He continued. "Now, here's how I'm gonna do it. You'll enter your appearance for Pete, for starters. That'll give me a few weeks to let my lawyer down easy. I don't want to hurt his feelings or reputation or embarrass him. You'll get to know all the players and, in about a month, you'll switch to being my counsel and my guy will represent Pete."

Pete was a made man, one of five co-defendants in the federal indictment at hand. The Buzz on him had it that he was a shooter. "He could blow your head off and eat spaghetti off your shoulders." Very comforting. Bail had been set for him, he had made it and was on the street. I wondered about the feasibility of a valium enema.

As the conversation continued, the other co-defendants casualy sauntered in, their attorneys followed, and the scene in the room quickly came to resemble an upper echelon meeting of the G------ family. A burly individual nudged me over with the statement, "I have to sit on his right." I shall refer to him as "Capo", for that is exactly what he was. The number two man.

Eventually, the defendants were sitting on one side of the large cell, with the lawyers on the other. Business was to be conducted and the attorneys' conversation was to serve as a cover of what was being said across the way. There came a time when we ran out of talk and temporarily fell silent. The Boss, taking immediate notice of this, raised his right arm and twirled it in a circular motion, instructing us to carry on with the camouflage. After awhile, the groups again intermingled and the Boss bid me farewell.

"Come back next week and we'll nail this thing down." I said I would and I did. I was reasonably pleased with myself in my handling of this first meeting. I had spoken in measured tone, my goal being to appear confident, intelligent and, above all, respectful. A masquerade of maximum anxiety, for I was dealing with the Ruler of the wrong side of the moon. In a way, the antithesis of the President of the United States.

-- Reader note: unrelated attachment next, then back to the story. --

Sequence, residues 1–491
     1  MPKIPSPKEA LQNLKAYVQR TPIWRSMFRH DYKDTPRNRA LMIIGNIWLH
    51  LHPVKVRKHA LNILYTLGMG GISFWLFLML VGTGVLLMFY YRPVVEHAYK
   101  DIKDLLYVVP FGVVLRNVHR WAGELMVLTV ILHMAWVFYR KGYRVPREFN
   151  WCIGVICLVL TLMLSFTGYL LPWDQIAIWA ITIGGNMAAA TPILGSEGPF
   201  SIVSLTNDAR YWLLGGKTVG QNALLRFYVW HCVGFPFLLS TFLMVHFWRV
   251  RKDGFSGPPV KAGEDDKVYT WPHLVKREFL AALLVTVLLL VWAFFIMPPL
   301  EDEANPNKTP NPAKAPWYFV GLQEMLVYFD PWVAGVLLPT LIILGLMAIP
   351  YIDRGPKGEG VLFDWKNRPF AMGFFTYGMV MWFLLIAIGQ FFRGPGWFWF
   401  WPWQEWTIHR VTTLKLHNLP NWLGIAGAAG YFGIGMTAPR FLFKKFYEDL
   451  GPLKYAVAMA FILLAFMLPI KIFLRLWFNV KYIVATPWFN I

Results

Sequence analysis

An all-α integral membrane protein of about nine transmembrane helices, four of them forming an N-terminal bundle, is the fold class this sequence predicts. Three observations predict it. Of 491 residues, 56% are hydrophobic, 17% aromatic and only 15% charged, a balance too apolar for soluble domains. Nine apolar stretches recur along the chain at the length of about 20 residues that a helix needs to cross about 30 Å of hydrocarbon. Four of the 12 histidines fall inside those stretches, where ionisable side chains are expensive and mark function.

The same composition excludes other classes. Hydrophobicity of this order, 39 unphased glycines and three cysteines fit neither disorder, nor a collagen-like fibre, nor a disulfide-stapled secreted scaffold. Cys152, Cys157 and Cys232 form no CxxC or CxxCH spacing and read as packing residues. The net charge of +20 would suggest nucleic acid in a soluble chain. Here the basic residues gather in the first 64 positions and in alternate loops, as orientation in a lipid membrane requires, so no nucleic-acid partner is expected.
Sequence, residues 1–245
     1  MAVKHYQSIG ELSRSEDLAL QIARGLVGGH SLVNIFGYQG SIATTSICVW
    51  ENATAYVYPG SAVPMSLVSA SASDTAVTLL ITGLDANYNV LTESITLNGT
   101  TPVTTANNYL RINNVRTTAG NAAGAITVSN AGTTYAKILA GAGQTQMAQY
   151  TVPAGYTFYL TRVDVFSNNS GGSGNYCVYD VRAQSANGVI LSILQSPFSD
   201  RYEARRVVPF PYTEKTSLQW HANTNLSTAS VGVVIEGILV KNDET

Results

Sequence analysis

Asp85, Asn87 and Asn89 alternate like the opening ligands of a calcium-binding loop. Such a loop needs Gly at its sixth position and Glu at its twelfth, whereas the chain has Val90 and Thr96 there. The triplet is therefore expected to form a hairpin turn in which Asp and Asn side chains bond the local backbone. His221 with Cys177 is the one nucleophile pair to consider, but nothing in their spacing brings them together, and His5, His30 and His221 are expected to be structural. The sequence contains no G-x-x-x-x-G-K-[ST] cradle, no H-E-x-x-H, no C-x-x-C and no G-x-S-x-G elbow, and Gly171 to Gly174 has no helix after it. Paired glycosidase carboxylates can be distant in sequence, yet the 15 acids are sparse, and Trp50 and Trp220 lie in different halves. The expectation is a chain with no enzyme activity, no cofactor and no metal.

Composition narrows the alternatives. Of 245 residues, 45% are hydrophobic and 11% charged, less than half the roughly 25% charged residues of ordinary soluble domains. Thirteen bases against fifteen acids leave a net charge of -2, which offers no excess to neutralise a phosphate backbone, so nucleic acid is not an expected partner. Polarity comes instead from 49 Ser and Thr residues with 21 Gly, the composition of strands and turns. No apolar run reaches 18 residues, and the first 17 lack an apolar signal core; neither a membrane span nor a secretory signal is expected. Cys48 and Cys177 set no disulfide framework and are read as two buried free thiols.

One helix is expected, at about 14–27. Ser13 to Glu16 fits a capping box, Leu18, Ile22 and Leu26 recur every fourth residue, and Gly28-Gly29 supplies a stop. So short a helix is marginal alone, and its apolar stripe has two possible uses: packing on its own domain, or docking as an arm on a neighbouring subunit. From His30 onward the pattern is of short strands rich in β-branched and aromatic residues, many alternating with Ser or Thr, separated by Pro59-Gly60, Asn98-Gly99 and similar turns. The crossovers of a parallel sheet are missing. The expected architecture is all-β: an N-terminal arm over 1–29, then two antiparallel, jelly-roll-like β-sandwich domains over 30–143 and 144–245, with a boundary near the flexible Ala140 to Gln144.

The scene was the same when I returned the following week. Sal, the conduit, was again with me. I was greeted cordially by the Boss who explained that he had not yet informed his present counsel of the  game plan whereby I would, at first, represent Pete and then switch clients, bequeathing upon me the equivalent of the Medal of Honor. But, not to worry. Everything would fall into place.

At one point, he mentioned that a well known lawyer had visited him during the week and, in discussing the Boss' case, had remarked, "You just can't beat a RICO case (the criminal statute in question). Too tough." Adhering to my code of conduct, I played it safe and said nothing.

When things were winding down, I decided to raise the topic ultimately consistent with my personal interests. The fee.

I explained what I believed would be expected of me and the enormous effort which characterized my case preparation. He cut me off with, "Discuss it with Capo. There'll be no problem." We shook hands.

As we were leaving, I motioned Capo and Sal to a corner of the room. Capo heard me out and asked what I had in mind. No time to be timid or bashful. The Boss would be a most difficult taskmaster. I knew what was at stake, time-wise, and I had to be paid accordingly. Speak now or forever hold your peace.

I quoted Capo a fee which, to me, was both reasonable and substantial, and held my breath. One-half to be paid now, before I entered my appearance, the remainder to be paid prior to commencement of trial. Sal did not register surprise. Capo did not hesitate. "O.K. Come back next week. I'll have the first half ready and somebody will drive you back to Boston. No way can you board a plane carrying that much cash."

Bingo! I was in! The biggest sure-to-be-media-followed case in the country. Daily headlines. I was anxious as hell, but not afraid. We shook hands.

I was determined to make a fast and impressive start. I grabbed the other lawyers, informed them that I was on the team and called for a meeting the next day so that I could begin to catch up, discuss strategy, etc. I wanted to assert myself and impress the Boss. It was set up for two p.m. the next day. Don't dip your toe into the pool. Dive in!

Sal insisted to buy me a celabatory lunch and took me to one of those Italian restaurants not included on the tourist trail. This is where the boys would meet to eat. Signed pictures of Sinatra and Dean Martin on the wall, Jerry Vale on the jukebox and waiters who saw all but said nothing. The aroma of authentic Italian cuisine permeated everything. We began to relax and Sal ordered a king's meal. He was thrilled for me. He hoisted a glass of wine and toasted the future. What an adventure this was to be. A magnificent antipasto was placed before us. Life was good.